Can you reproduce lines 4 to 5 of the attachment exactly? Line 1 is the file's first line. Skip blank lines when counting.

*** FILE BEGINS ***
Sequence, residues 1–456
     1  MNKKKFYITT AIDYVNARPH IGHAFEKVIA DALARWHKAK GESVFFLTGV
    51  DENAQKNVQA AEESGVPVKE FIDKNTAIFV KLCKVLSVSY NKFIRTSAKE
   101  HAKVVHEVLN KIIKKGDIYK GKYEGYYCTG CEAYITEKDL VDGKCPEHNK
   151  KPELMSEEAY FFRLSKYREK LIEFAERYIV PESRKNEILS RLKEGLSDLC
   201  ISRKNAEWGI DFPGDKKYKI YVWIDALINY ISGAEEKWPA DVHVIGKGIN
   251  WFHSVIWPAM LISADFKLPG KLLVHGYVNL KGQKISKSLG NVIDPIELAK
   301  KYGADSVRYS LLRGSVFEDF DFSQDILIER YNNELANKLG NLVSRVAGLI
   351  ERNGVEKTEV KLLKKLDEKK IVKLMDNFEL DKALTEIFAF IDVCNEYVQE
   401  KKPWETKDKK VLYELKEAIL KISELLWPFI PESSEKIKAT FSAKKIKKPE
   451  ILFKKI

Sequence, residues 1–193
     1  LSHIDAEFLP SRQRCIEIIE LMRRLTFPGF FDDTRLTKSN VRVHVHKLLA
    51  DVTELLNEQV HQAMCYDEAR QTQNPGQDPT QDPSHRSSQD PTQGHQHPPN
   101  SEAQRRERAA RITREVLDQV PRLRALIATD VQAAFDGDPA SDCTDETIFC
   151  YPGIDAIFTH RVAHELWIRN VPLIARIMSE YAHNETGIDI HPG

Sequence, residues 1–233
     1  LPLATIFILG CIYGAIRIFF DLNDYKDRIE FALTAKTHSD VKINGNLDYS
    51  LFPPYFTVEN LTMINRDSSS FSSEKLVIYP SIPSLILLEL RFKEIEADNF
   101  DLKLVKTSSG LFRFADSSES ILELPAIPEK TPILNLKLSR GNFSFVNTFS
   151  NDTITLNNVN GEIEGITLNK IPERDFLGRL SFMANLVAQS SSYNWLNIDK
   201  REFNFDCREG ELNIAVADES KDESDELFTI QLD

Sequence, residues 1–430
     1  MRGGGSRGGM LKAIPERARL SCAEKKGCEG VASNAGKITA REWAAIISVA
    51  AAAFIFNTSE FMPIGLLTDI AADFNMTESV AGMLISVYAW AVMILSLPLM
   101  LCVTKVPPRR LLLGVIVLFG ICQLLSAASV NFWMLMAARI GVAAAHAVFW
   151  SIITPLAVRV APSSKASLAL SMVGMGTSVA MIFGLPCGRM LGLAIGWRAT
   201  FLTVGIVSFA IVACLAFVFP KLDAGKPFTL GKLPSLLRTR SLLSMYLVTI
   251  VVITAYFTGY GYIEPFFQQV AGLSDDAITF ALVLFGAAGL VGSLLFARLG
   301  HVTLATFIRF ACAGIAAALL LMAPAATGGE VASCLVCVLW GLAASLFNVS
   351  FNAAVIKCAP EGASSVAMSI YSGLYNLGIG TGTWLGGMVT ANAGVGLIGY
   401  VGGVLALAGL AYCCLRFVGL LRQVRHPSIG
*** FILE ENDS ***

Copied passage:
   101  HAKVVHEVLN KIIKKGDIYK GKYEGYYCTG CEAYITEKDL VDGKCPEHNK
   151  KPELMSEEAY FFRLSKYREK LIEFAERYIV PESRKNEILS RLKEGLSDLC